The recent past performances of the University of Massachusetts football team might be seared in our collective memories. Last year’s 1-11 record does not, however, matter anymore.
“I’ve got to be honest. I will not watch a game. Wherever I’ve gone, I have not worried about what has gone on behind me,” Don Brown said. “I worry about what’s in front of me.”
With that one quote, the new football coach at UMass won Wednesday afternoon’s press conference.
Winning press conferences is the easy part of coaching. Three-plus years ago, Walt Bell won the press conference inside the Football Performance Center, but was unable to translate that into wins on the field.
Don Brown says he's ready, able and excited to be be back at UMass. Brown, who was the head football coach in Amherst from 2004-08, will once again lead the Minutemen.
Whether the new coach will be able to turn the presser victory into being competitive on the McGuirk Alumni Stadium turf is a question we won’t be able to answer for a while. It is, however, a promising start.
I had asked Brown about looking at tape to see what he has on the UMass roster, and the implication is that every player — from Gerrell Johnson to Brady Olson to Ellis Merriweather is going to start practicing with a completely clean slate.
There is good and bad to not watching the tape. Certainly, if Brown and his new staff watched the video of 2021, they might have an idea of where the Minutemen were deficient. It’s easy to counter that argument with one that says the deficiencies might have been scheme rather than talent.
And Brown most likely does not want to prejudge any players, giving them all a chance to curry favor by what they all do in the winter workouts and in spring football.
Brown was UMass’ head coach from 2004-08, and he led the Minutemen to an NCAA Division I-AA championship game. He had also been Mark Whipple’s defensive coordinator when UMass won the I-AA title in 1998.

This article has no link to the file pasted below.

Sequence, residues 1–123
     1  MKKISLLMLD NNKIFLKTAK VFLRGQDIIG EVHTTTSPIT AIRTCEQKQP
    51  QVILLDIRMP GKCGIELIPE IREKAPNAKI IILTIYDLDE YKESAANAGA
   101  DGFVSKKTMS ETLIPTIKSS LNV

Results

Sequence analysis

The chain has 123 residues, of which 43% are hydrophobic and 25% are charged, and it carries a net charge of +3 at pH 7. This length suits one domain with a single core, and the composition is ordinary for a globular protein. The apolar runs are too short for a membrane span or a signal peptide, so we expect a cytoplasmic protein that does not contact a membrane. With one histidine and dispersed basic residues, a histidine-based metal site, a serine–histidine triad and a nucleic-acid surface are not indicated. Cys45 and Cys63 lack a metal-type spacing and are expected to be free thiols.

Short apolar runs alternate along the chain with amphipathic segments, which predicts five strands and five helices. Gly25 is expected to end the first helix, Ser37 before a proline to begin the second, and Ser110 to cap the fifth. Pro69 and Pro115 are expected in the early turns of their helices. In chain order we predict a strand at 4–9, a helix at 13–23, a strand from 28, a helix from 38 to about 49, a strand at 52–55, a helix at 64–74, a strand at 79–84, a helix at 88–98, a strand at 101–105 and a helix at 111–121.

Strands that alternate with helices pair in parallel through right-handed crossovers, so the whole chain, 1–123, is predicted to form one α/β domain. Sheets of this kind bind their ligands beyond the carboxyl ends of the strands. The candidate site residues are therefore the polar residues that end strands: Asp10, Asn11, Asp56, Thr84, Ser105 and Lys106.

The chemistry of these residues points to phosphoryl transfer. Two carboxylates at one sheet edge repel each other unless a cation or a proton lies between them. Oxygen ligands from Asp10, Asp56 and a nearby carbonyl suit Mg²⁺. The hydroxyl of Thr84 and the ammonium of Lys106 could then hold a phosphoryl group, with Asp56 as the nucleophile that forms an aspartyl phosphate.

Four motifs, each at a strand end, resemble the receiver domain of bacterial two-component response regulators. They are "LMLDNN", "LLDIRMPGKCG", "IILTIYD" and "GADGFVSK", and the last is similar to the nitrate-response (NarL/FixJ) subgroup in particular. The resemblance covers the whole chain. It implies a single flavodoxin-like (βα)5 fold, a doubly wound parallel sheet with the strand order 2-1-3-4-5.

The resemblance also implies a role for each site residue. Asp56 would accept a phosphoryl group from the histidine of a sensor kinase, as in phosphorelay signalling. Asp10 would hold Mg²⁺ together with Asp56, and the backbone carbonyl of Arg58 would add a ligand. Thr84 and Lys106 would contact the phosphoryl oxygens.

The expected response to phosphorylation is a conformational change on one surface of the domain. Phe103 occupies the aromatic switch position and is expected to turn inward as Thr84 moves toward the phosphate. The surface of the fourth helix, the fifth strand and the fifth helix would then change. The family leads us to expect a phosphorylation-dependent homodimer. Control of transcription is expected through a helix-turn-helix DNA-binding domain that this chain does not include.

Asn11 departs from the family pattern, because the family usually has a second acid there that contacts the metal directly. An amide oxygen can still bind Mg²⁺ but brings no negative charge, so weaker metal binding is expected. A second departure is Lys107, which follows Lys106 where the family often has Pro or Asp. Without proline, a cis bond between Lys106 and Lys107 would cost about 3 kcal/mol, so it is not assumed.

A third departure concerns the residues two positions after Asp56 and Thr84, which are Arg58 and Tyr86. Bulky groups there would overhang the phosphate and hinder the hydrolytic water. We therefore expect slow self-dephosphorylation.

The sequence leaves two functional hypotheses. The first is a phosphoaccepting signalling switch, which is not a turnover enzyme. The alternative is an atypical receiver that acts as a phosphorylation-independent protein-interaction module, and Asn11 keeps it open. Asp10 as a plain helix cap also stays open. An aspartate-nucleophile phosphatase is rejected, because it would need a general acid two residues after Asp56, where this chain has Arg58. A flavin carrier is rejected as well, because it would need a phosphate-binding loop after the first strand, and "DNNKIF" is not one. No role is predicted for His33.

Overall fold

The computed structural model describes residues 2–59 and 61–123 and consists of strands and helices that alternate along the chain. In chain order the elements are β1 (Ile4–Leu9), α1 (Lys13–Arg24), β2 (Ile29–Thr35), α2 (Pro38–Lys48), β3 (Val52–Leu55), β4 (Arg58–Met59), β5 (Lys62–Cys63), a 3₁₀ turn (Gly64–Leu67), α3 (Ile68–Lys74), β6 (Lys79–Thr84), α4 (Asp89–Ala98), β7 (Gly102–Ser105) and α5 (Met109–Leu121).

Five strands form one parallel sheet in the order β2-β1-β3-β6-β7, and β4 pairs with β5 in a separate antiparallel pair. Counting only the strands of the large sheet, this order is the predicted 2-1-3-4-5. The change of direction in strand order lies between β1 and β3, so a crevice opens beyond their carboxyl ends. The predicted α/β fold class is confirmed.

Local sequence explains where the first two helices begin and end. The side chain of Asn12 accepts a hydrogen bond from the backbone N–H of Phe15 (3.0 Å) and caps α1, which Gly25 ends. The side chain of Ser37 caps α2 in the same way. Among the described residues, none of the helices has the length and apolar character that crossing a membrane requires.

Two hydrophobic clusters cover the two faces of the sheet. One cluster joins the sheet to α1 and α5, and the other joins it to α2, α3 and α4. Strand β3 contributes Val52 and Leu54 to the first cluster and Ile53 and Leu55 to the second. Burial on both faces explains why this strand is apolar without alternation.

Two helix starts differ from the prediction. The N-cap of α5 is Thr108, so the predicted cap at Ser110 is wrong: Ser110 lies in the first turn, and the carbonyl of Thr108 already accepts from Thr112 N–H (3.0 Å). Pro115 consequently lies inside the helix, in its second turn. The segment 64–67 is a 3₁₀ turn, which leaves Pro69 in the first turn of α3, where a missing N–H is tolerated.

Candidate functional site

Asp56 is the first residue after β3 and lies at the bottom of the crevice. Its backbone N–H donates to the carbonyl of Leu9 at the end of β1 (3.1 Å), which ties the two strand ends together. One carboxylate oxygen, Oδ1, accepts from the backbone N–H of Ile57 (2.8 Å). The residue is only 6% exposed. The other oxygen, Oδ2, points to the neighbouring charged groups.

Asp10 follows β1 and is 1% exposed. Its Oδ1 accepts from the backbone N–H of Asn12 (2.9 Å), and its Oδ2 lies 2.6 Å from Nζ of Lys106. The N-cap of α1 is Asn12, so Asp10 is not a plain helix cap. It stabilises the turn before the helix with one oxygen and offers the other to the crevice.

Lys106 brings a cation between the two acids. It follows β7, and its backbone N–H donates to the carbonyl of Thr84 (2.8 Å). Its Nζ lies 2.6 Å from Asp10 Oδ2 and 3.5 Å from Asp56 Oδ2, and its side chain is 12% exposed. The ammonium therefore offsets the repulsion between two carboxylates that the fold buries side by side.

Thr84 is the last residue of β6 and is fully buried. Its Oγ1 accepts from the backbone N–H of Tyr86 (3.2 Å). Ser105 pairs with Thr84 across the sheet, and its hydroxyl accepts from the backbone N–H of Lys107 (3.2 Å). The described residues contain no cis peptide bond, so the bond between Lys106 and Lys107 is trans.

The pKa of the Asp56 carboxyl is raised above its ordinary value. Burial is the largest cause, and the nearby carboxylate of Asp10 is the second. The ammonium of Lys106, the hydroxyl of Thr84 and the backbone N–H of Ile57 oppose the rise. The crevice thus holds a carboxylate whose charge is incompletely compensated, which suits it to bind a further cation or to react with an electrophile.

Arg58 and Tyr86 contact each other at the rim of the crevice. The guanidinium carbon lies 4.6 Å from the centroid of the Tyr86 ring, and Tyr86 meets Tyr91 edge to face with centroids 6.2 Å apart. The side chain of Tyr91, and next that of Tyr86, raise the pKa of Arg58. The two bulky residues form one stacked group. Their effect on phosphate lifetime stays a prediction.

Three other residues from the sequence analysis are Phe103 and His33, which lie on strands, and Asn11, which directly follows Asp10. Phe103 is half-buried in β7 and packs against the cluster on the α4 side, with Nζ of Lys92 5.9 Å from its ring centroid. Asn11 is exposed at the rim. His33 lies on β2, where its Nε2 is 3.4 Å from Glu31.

“We came in in ’98, following a tough ’97 campaign and we just worked hard on both sides of the ball and on special teams, and you win a national title,” Brown said. “You follow that up with a trip to the playoffs in ’99.”
Brown did say that ultimately, he would like to get the Minutemen into a bowl game. That, however, is not his first goal.
“Obviously, the first goal is we’ve got to get competitive and we’ve got to be in a position to compete and to compete at a high level,” Brown said, when he met with reporters on Wednesday. “To do that, winter workouts are going to be the important piece. We have to get in great shape, starting to integrate with our scheme and what we’re going to do offensively, what we’re going to do defensively and obviously being sound in special teams.”
The reaction to the hiring of Don Brown has been nearly unanimous, and unanimously positive. Social media, where negativity often rules, has been anything but negative. Brown said the reaction he’s had from coaches in the Commonwealth has been positive.
Which is also the reaction from one of the deans of high school football in Berkshire County.
“I think it’s awesome,” Wahconah coach Gary Campbell Jr. said. “This is my slant on it. From a football perspective, we are not a hotbed of recruiting, we’re just not. Massachusetts isn’t. What Don Brown did prior, in his first tenure, he gave the team an identity on defense and specifically a pressure team that knew how how to play man-to-man defense. More than anything, that side of the ball will benefit so much at UMass because of his philosophies and his teachings. I just think he’s really, really good at it and he’s invested in it.”
Campbell was in his first tenure at Wahconah when Brown was the head coach at UMass. While Brown did not make recruiting trips to Dalton, he used to open his spring practice sessions to high school coaches who took a lot of notes. One of those coaches was Campbell.
“I remember more of him through spring practices,” said Campbell, remembering that coaches wore boxing-style training gloves, using them to try and redirect receivers to make plays.
“I remember sitting at spring ball practices and seeing how hard they worked at that. I thought that’s a great idea,” Campbell said. “He never walked into Wahconah or I didn’t know him personally. He invited us all to those spring ball practices, and I loved every bit of it.”
What made an impression on the Wahconah coach was how Brown worked with his players.
I thought he was a good teacher when he was out there. He wasn’t a yeller. He wasn’t this or that. He was teaching finite stuff that made a difference in a game,” the Wahconah coach said. “That’s what I was impressed with.”
So far, so good, but we’ll see whether this all translates into wins on the field.